The recommended treatment includes immediate irrigation of the eye with large amounts of water, followed by administration of over-the-counter analgesics if needed for pain. Medical attention should be sought if more severe symptoms, such as decreased vision or light sensitivity, are present. (Thomas 2003)

Thomas, M.C.  2003. The Two-striped Walkingstick, Anisomorpha buprestoides (Stoll) (Phasmatodea: Pseudophasmatidae). Florida Department of Agriculture & Consumer Services, Division of Plant Industry. Entomology Circular No. 408, pg 1-4.

Stick Insect Bibliography with an emphasis on their medical aspects:

Albert, R.O. 1947. Another case of injury to the human eye by the Walking Stick, Anisomorpha (Phasmidae). Entomological News 58(3): 57-59.

Arment, C. 2005. Stick Insects of the Continental United States and Canada: Species and Early Studies. Coachwhip Publications, Landisville, PA. 202 pp.

Bedford, G.O. 1978. Biology and ecology of the Phasmatodea. Annual Review of Entomology 23: 125-49.

Blatchley, W.S. 1920. Orthoptera of northeastern North America. Nature Publishing Company, Indianapolis.

Bradley, J.C., and B.S. Galil. 1977. The taxonomic arrangement of the Phasmatodea with keys to the subfamilies and tribes. Proceeding of the Entomolgical Society of Washington 79(2): 176-208.

Bragg, P.E. 1995. The longest stick insect in the world, Pharnacia kirbyi (Brunner). Entomologist. 114: 26-30.

Branscome, D. 1998. Chapter 33: Longest. Pp. 82-83. In: T.J. Walker. (Editor). UF Book of Insect Records. University of Florida, Gainesville.

Carlberg, U. 1985. Chemical defence in Anisomorpha buprestoides (Houttuyn in Stoll') (Insecta: Phasmida). Zool. Anz. Jena 215: 177-188.

Caudell, A.N. 1903. The Phasmidae, walking sticks of the United States. Proceedings of the U.S. National Museum 26: 863-886.

Chow, Y.S. & Y.M. Lin. 1986. Actinidine, a defensive secretion of the stick insect, Megacrania alpheus Westwood (Orthoptera: Phasmatidae). Journal of Entomological Science 21: 97-101.

Davidson, B.S., T. Eisner, & J. Meinwald. 1991. 3,4 Didehydro-,,-caroten-2-one, a new carotinoid from the eggs of a stick insect Anisomorpha buperestoides. Tetrahedron Letters 32: 5651-5654.

Dziezye, J. 1992. Insect defensive spray-induced keratitis in a dog. Journal of the American Veterinary Medical Association 200: 1969.

Durden, C. 1999. Learn About ...Texas Insects. Texas Parks & Wildlife Press, Austin. 60 pp. Full PDF

Eisner, T. 1965. Defensive spray of a phasmid insect. Science 148: 966-968.

Eisner, T., R.C. Morgan, A.B. Attygalle, S.R. Smedley, K.B. Herath, J. Meinwald. 1997. Defensive Production of Quinoline by a Phasmid Insect (Oreophoetes peruana).  Journal of Experimental Biology 200(19): 2493-2500.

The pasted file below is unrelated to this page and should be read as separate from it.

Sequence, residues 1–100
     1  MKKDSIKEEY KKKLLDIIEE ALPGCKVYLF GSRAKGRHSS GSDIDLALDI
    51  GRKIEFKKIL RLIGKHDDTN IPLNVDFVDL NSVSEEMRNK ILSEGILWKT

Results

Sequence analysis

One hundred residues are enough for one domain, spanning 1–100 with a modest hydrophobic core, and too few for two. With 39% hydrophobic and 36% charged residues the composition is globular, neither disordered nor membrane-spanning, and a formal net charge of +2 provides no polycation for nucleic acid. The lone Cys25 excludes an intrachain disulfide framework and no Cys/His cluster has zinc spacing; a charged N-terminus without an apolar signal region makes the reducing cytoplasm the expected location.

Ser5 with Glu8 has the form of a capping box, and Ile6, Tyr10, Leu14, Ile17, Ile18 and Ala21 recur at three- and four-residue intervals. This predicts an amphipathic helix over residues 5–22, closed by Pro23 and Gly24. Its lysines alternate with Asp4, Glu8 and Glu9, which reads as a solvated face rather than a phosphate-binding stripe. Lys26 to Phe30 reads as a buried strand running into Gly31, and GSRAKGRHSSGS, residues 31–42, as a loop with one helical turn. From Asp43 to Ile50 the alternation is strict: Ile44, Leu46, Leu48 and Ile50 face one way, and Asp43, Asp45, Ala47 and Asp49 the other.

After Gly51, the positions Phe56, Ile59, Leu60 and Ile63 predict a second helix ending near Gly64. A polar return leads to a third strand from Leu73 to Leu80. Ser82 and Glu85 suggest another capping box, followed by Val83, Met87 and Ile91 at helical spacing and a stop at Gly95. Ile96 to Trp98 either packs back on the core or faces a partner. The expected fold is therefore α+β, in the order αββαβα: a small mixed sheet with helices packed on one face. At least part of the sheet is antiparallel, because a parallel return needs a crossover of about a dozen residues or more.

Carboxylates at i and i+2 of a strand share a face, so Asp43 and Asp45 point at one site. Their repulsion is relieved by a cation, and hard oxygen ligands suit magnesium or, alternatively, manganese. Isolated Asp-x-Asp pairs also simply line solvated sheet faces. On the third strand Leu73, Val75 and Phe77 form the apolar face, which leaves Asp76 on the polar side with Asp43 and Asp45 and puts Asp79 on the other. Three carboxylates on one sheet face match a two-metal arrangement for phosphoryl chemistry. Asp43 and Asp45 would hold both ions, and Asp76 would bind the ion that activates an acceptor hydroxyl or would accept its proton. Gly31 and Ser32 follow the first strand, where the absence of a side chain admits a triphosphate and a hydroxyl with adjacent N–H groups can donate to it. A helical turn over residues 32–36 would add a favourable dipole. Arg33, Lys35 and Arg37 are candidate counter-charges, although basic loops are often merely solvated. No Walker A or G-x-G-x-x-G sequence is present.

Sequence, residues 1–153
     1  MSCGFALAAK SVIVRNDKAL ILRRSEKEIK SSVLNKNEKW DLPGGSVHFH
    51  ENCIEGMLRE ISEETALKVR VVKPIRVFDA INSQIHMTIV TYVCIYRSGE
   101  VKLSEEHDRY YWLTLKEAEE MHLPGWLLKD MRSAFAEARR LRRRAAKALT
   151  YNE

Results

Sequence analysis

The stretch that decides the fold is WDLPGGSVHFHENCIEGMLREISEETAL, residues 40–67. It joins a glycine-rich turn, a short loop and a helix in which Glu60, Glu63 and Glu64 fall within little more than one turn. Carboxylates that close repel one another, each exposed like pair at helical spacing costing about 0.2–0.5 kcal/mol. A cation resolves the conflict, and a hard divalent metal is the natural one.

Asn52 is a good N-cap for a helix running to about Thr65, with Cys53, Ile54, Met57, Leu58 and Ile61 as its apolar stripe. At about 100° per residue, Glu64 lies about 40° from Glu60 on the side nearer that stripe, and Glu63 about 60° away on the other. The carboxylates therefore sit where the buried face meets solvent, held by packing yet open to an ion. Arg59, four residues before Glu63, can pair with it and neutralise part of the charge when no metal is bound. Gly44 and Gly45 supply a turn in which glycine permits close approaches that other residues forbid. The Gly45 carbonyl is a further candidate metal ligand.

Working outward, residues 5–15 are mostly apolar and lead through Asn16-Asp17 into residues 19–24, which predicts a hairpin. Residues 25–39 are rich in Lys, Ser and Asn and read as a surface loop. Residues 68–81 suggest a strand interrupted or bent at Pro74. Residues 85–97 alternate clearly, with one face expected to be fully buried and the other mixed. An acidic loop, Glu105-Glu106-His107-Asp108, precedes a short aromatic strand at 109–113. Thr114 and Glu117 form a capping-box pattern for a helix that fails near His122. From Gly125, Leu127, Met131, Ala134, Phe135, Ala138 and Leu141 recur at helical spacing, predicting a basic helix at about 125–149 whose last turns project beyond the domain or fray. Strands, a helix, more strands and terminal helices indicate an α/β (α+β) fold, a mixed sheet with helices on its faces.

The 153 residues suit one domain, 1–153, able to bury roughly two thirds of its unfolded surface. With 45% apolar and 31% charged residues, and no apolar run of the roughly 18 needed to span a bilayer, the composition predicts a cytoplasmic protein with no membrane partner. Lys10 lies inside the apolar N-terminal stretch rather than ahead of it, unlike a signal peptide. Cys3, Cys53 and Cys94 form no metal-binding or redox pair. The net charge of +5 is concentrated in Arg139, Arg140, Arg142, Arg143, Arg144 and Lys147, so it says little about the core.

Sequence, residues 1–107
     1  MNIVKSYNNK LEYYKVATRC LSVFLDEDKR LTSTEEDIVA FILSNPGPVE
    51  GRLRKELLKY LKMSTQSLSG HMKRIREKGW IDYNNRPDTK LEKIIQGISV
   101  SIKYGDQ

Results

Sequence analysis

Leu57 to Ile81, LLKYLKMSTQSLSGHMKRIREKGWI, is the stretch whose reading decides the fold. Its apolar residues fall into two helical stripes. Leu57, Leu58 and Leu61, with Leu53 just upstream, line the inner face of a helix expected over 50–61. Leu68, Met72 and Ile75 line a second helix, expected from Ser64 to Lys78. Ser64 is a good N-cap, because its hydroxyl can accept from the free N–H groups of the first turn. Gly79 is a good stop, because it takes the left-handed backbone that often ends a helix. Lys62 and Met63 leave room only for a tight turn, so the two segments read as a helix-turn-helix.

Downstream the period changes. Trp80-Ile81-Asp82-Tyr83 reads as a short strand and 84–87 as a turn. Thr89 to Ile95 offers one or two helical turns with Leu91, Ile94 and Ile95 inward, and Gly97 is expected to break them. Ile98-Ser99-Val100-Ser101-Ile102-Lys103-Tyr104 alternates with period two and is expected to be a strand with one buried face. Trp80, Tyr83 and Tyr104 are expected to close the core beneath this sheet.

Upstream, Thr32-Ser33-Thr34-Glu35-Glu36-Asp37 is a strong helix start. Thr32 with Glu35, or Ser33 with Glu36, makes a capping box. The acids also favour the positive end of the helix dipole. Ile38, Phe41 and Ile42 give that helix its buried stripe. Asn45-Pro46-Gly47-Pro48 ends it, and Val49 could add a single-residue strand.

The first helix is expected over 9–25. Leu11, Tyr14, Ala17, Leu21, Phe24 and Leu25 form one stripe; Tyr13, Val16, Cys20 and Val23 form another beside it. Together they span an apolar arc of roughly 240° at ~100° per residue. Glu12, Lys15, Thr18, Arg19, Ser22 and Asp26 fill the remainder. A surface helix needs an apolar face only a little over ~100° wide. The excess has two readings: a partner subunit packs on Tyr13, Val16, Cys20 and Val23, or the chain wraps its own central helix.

Giese, R.L. & Knauer, K.H. 1977. Ecology of the walkingstick. Forestry Science 23: 45-63.

Gray, G.R. 1835. Synopsis of the species of insects belonging to the family of Phasmidae. London. 48 pp.

Happ, G.M, J.D. Strandberg, C. M. Happ. 1966. The terpene-producing glands of a phasmid insect. Cell morphology and chemistry. Journal of Morphology 219: 143-160.

Hatch, R.L., S.D. Lamsens, J.E. Perchalski. 1993. Chemical conjunctivitis caused by spray of A. buprestoides Two-striped walkingstick. Journal of the Florida Medical Association 80: 758-759.

Hebard, M. 1943. The Dermaptera, and Orthopterous families Blattidae, Mantidae, and Phasmidae of Texas. Transactions of the American Entomological Society 68: 239-310.

Helfer, J.R. 1953. How to know the grasshoppers, cockroaches, and their allies. William C. Brown Co. Publishers, Dubuque, IA. 353 pp.

Hetrick, L. A. 1949. Field notes on a color variant of the two-striped walkingstick, Anisomorpha buprestoides (Stoll). Florida Entomologist 32(2): 74-77.

Hetrick L.A. 1949. The oviposition of the two-striped walking-stick, Anisomorpha buprestoides (Stoll). Proceedings of the Entomological Society of Washington 51: 103-104.

Littig, K.S. 1942. External Anatomy of the Florida Walking Stick Anisomorpha buprestoides Stoll. The Florida Entomologist 25(3):33-41.

MacAtee, W.L. 1918. Vaporous discharge by Anisomorpha buprestoides (Orthoptera: Phasmidae). Entomological News 29: 388.

Meinwald, J., Chadha, M.S., Hurst, J.J. & Eisner, T. 1962. Defense mechanisms of arthropods. IX. Anisomorphal, the secretion of a phasmid insect. Tetrahedron Letters 1: 29-33.

Moxey, C.F. 1971. Notes on the Phasmatodea of the West Indies: two new genera. Psyche 78(1/2): 67-83.

Moxey, C.F. 1972. The stick-insects (Phasmatodea) of the West Indies: Their systematics and biology. Unpublished thesis, Harvard University, Cambridge, Massachusetts.  211 pp.

Patrock R.W. 1988. Provisional Checklist of Phasmatodea (Phasmids, Mantids, and Cockroaches) of Brackenridge Field Laboratory.

Paysse, E.A., S. Holder & D.K. Coats. 2001. Ocular Injury from the Venom of the Southern Walkingstick. Ophthalmology 108: 190-191. (Synopsis)

Seow-Choen, F. 1995. The longest insect in the world. The Malayan Naturalist 49(42): 12.

Stewart, M.A. 1937. Phasmid injury to the human eye. Canadian Entomologist 69: 84-86.

Thomas, M.C.  2003. The Two-striped Walkingstick, Anisomorpha buprestoides (Stoll) (Phasmatodea: Pseudophasmatidae). Florida Department of Agriculture & Consumer Services, Division of Plant Industry. Entomology Circular No. 408, pg 1-4.

Wilkins, O.P. & O.P. Breland. 1951. Notes on the giant walking stick, Megaphasma deticrus (Stl) (Orthoptera: Phasmatidae). Texas Journal of Science 3: 305-310.

07 July 2012 Mike Quinn / entomike@gmail.com / Texas Entomology